Laurent Chareau was working in Paris in a former life. He used to come at Didier Dagueneau for each harvest and make the meals for the harvesters there (50 to 70 people to serve, and I think these pickers became spoiled and won't harvest anywhere else...). And that's where he met his future wife, she's Nathalie, the woman who runs the office of the winery. He left Paris and settled in the region, in Cosne-sur-Loire where he found a restaurant to re-start two years ago.
The restaurant is located in a bland street of Cosne-sur-Loire, a town on the other side of the Loire from Sancerre. The restaurant room doesn't flash and hasn't gone through luxury remodeling but the food is just great, and this, at very affordable prices like 20 € for a full lunch menu. The wines are well chosen with of course many of Dagueneau's cuvées which are not overpriced like it often happens in restaurants.
The place is where many vignerons come to eat. It has already been spotted by several guides including Le Fooding.
Try the Risotto froid au jus de crevettte for entry, both the texture and the lightly spicy feel are great, and as main course the choice is also arduous. The roasted-calf rôti de veau as main course was exquisite, with a vibrant aromatic experience brought by all the elements going with this dish and by the long cook in the oven. The chef is easy-going and relaxed and it's a pleasure to have him come at your table a few minutes.
Le Chat, 42 rue des Guerins Villechaud, Cosne-sur-Loire 58200, phone 03 86 28 49 03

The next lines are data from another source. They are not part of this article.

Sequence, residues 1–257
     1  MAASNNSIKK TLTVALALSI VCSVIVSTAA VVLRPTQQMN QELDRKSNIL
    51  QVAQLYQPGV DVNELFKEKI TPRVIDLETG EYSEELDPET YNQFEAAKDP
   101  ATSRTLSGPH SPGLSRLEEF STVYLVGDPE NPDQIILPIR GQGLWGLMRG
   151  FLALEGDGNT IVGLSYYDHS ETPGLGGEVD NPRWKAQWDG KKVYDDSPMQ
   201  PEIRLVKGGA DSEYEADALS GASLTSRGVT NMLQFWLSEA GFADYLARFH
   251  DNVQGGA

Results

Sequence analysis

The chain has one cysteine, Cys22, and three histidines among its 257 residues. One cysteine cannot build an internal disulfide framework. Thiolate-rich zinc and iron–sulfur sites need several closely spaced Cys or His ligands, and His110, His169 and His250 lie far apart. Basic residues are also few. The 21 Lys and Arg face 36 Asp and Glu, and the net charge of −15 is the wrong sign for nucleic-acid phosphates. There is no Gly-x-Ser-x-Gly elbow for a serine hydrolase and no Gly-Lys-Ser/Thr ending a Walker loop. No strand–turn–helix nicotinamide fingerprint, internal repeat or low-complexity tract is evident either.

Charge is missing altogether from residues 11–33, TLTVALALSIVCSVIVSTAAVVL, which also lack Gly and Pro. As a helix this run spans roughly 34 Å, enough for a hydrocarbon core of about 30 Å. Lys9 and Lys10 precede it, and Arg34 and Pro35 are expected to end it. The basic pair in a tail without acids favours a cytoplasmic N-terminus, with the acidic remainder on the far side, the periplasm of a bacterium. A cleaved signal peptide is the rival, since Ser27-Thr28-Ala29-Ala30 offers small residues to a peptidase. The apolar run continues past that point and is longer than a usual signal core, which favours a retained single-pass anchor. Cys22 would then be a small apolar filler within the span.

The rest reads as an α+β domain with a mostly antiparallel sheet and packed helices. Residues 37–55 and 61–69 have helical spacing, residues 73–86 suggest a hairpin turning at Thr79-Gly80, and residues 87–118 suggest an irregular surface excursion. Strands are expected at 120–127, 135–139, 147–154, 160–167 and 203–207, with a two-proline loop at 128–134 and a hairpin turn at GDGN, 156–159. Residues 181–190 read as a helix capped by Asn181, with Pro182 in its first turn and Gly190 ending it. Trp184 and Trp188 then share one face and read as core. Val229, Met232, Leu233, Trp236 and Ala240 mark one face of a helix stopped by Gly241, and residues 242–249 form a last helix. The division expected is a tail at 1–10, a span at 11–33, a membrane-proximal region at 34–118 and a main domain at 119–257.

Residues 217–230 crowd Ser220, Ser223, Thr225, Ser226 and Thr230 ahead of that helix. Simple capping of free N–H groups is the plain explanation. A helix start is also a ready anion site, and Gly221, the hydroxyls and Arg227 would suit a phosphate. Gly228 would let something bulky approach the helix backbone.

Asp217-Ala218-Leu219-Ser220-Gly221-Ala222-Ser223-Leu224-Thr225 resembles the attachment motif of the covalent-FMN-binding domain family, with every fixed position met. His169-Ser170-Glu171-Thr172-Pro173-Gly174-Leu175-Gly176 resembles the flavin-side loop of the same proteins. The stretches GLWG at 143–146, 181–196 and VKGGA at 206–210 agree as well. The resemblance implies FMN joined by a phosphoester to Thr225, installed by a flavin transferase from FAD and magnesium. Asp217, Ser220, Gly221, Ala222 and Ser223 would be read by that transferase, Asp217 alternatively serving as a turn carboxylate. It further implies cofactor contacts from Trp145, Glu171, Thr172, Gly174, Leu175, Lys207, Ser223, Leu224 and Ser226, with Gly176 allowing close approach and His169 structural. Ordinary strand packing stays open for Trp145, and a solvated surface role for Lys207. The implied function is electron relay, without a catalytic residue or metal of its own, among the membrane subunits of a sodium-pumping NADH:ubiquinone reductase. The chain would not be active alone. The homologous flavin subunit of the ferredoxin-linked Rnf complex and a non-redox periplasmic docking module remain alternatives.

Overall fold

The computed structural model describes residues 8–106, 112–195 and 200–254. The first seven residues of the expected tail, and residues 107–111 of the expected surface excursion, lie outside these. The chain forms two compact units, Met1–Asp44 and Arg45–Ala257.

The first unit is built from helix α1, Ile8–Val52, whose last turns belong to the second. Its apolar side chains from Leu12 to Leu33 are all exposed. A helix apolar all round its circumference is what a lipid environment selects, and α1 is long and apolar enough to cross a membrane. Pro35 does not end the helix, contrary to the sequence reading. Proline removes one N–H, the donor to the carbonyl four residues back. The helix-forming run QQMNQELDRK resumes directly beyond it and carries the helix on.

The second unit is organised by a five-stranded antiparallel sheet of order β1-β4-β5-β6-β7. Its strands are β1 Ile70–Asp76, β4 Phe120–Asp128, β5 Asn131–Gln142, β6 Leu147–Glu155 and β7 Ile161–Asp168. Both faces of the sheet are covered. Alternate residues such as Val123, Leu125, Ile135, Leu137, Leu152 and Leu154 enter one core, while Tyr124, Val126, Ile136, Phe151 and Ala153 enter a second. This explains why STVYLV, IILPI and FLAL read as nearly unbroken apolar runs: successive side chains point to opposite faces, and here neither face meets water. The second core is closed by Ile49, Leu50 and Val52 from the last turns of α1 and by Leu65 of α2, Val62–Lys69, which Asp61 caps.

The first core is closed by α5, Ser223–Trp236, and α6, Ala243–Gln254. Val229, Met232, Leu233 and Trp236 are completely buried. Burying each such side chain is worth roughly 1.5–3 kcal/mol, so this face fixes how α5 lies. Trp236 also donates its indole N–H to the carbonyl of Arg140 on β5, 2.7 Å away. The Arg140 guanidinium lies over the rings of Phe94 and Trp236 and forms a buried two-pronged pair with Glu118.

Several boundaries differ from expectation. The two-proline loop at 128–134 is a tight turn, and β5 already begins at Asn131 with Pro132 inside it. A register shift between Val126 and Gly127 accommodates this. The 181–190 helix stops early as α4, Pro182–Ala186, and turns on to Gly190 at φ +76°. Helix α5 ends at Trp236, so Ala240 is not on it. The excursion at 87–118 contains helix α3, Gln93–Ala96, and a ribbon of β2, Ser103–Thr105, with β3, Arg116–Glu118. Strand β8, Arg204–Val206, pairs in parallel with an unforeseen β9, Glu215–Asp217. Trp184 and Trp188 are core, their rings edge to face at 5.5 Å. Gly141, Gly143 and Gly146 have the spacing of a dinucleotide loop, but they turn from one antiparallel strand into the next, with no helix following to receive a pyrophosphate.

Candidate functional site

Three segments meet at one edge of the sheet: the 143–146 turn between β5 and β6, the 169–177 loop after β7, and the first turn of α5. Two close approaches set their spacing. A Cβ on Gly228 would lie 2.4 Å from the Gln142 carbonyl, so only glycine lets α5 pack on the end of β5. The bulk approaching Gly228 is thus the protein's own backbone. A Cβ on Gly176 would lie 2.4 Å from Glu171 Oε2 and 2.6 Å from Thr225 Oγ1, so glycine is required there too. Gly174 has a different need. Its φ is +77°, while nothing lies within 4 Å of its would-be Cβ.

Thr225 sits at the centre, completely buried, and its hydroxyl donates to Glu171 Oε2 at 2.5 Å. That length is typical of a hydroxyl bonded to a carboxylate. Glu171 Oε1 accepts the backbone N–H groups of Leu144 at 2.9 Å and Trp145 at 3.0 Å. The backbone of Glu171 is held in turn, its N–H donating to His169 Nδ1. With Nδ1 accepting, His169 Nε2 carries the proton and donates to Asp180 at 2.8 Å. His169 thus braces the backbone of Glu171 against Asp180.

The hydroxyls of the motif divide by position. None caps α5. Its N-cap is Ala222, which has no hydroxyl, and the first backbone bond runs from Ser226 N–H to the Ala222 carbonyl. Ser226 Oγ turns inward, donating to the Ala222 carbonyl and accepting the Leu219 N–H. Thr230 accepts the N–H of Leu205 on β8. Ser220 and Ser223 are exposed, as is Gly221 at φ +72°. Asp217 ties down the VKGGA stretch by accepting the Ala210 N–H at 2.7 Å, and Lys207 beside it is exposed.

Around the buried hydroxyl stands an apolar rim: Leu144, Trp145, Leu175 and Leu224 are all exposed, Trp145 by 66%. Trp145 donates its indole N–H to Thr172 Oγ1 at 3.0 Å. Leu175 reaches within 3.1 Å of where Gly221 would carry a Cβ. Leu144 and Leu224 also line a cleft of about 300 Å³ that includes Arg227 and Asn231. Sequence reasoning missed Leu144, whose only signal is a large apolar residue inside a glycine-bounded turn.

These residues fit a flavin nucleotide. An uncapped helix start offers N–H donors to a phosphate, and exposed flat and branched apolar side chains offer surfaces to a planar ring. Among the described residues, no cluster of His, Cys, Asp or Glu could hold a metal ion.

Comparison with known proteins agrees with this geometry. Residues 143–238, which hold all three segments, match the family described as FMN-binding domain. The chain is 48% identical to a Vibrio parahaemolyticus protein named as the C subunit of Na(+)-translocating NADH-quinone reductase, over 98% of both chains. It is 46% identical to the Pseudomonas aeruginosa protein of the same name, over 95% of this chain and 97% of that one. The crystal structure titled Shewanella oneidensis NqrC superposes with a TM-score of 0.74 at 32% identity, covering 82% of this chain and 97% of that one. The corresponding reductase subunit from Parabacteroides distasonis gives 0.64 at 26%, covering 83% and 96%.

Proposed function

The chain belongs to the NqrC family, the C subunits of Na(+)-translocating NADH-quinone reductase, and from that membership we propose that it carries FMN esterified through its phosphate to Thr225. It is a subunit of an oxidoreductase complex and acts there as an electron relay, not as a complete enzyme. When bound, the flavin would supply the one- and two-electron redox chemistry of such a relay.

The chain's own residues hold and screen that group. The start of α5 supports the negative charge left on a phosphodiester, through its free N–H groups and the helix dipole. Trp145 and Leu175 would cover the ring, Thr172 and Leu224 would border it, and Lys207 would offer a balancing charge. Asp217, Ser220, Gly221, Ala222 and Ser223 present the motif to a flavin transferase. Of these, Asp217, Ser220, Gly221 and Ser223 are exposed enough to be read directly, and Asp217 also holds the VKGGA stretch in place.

What followed our Domaine-Roulot visit a couple months ago was a coincidence beyond belief. We were cruising on a small road winding uphill across the Meursault vineyards, there were nobody around, this was lunchtime and people like to eat in Burgundy. We stopped for a few pictures, we were passed by another car which stopped further up on the road, in a spot where we stopped again to take a look and eventually snap pictures, and we realized that the driver was Bumpei Someya, this ex- Guy Savoy sommelier (see here and here) who came to work at Le Chassagne in Burgundy to be closer from an exceptionnal wine region (he's not an exclusive Burgundy types btw). And he was there wandering by himself in the vineyards, taking pictures, learning to recognize the climats and so on. He didn't know that we were around in Burgundy that weekend. He had already told us that he did spend his free time to learn everything on the estates and the vineyards, but seeing it from our own eyes was particularly impressing. This guy knows already so much on the different style work of the estates. He doesn't work at Le Chassagne anymore and he was hired by Domaine Dominique Laurent where I guess he'll learn even more on the trade... He showed us a small vineyard near the top of the slope just under the wooded summit where he came regularly, as if he wanted to solve the mystery behind its outstanding wines : this plot was Coche Dury's Les Pérrières dessus [find them on the precise Meursault map from Burgundy Report]. He volunteered for the harvest there once just for the sake of learning anything he could by sharing this important stage. The vines are young massal selections and in spite of their youth, the wine, he says, is incredibly beautiful, one of the best wines of the world, he says, looking intensely to the vines and the burgeoning buds. He looks at the pruning and says that it is very well done, there's a secret in this vineyard that he wants to discover, so as to understand how this wine can be so great... There's undoubtly a Drops-of-God (the wine manga by Yuko and Shin Kibayashi) feel, here.